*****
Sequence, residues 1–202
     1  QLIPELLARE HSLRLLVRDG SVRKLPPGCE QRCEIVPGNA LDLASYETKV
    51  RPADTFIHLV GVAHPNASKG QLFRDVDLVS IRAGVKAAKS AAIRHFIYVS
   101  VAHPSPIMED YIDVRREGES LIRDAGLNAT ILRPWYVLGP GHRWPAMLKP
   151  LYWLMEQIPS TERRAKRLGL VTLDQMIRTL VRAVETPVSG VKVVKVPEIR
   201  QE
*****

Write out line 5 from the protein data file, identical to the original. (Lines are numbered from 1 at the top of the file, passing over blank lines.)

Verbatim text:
   151  LYWLMEQIPS TERRAKRLGL VTLDQMIRTL VRAVETPVSG VKVVKVPEIR